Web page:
Developing a Parenting Plan in Divorce
By Heather Baker-Mushkatel on December 5, 2017
Couples who go through a divorce in Arizona can face many obstacles. For instance, they need to divide their property, and they may need to determine the terms of a spousal support arrangement. If they are parents, they will also need to create a parenting plan.
A parenting plan is a document that reflects the decisions that parents make about legal decision making and parenting time for their children. Legal decision making refers to who will make major decisions about the child’s life such as where the child goes to school. Parenting time refers to the actual time a parent spends with his or her children. The law in Arizona presumes equal decision making and equal parenting time for both parents.
Parents should create a parenting plan that addresses their family’s unique circumstances. They can arrive at the plan by working with lawyers, counselors, mediators and, ultimately, with each other.
Why Are Parenting Plans Necessary in a Divorce?
Without a parenting plan, no legal framework exists for many aspects of a child’s life. You need a parenting plan to answer questions such as:
● Where will the child live?
● Which parent will make decisions about the child’s day care, education, medical care and religious upbringing?
● Where will the child spend holidays and vacation periods?
● How will disputes between parents get resolved?
If you and your spouse cannot work together to create a parenting plan, you will have to go to court. This is not an ideal situation. Going to court can be expensive, time-consuming and stressful. Additionally, after both sides present evidence, a judge will have the final say – not the parents.
What Should You Consider When You Develop a Parenting Plan?
Many parents find it is difficult to develop a parenting plan. This is especially true if the parents harbor bad feelings towards each other. However, even though you may have a strained relationship with the other parent, you can find ways to agree on a parenting plan. Here are some important things to consider:
● Your child’s best interests. The best interests of your child should serve as your top priority and carry the most weight in your decision-making process. Sure, you may be mad at the other parent. However, you should never use your child as a way to “get back” at the parent. Instead, focus on a plan that will best meet your child’s needs.
● Your ability to care for your child. Many parents are not ready to face the challenges of being a single parent. For instance, if you suffer from emotional distress, work full-time and plan to move into a one-bedroom apartment that is far from the child’s relatives and friends, will you really place your child in the best situation? Do you really want to fight to be designated the primary custodial parent, or would shared parenting time make more sense for you? You should give this factor serious consideration.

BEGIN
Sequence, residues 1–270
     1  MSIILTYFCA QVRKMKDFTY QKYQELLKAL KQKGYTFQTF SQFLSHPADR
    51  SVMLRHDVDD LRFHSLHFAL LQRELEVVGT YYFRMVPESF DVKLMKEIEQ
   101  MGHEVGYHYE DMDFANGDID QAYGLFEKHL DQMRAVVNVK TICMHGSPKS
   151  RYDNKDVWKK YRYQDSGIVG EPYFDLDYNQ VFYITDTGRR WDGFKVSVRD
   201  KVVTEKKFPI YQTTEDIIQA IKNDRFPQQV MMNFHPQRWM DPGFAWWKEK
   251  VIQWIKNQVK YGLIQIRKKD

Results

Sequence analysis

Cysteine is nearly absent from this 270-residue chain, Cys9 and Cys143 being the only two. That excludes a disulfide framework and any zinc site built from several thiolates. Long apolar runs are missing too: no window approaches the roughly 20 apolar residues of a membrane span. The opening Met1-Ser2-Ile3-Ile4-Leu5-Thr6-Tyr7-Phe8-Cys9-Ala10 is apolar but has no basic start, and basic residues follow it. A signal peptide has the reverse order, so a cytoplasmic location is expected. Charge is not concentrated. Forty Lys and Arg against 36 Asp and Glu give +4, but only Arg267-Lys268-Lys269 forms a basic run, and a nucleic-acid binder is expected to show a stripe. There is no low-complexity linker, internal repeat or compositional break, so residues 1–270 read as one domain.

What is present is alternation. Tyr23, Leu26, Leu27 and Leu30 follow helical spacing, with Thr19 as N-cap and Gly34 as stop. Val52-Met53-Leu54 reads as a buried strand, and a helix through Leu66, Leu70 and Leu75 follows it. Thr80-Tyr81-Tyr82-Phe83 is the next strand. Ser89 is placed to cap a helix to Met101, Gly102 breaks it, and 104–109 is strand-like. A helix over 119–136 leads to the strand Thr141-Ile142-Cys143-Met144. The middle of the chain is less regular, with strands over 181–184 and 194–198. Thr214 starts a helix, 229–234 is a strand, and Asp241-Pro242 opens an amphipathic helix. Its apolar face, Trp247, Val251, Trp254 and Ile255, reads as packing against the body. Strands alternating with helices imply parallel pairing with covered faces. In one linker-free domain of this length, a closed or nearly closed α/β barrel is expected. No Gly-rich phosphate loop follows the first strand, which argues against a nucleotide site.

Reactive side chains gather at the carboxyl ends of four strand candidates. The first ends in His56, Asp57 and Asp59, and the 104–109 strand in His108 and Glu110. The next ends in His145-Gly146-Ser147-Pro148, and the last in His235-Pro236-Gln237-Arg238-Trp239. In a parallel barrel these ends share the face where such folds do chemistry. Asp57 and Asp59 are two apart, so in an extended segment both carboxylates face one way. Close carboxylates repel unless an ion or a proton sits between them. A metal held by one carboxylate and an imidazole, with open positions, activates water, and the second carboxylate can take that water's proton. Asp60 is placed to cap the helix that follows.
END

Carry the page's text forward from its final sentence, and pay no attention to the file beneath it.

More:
● The other parent’s love for the child. In the middle of a divorce, it can be very easy to get wrapped up in emotions. Don’t forget, the other parent has emotions, too. You should consider the love that the parent has for your child. In other words, you should try to understand the other parent’s perspective, which can help you to come to an agreement with that parent.
● Others can provide great assistance. If you and your spouse hit an impasse in the formation of your parenting plan, or if you are unsure about what elements to include or exclude, you should seek help from one or more professionals. School counselors, teachers, mental health professionals, mediators and a lawyer can all provide tremendous assistance.
What Are Key Elements of a Successful Parenting Plan?
You should make sure that you include the following key elements in your parenting plan:
● A clear schedule for time sharing, including during the week and weekends, holidays and vacation periods
● A transportation plan that covers trips between each parent’s house
● Which parent will handle certain responsibilities such as staying with the child when the child is sick and cannot go to school
● How information about the child will be relayed from one parent to the other
● How parents will resolve child custody-related disputes if they occur
● How the parents will share financial responsibilities
● Who will make decisions about important elements of the child’s life, from whether the child will be allowed to own a cell phone to what church the child will attend.
You should cover any other items that are important to you and your family. You know your own situation better than anyone else, so you should not be afraid to speak up and ask for inclusion of those items in the parenting plan.
Do You Need Help with Your Parenting Plan?
If you need help with forming a parenting plan in Arizona, the family law attorneys of Mushkatel, Robbins & Becker, PLLC, can help you. We can represent you during the formation of a parenting plan, negotiate with the other parent on your behalf and review a parenting plan before it is finalized. If you need to go to court and present your case before a judge, we can represent you during this process, too. Contact us today to discuss your case.
Heather Baker-Mushkatel is an Arizona native who focuses in the area of family at Mushkatel, Robbins & Becker, PLLC. Heather also has substantial experience in criminal defense law, including a background as a public defender in Maricopa County. Heather earned her undergraduate degree from the University of Wisconsin-Madison and obtained her Juris Doctorate from Brooklyn Law School. She is a highly active member of state and local bar associations who has served on several panels to educate young lawyers and law students.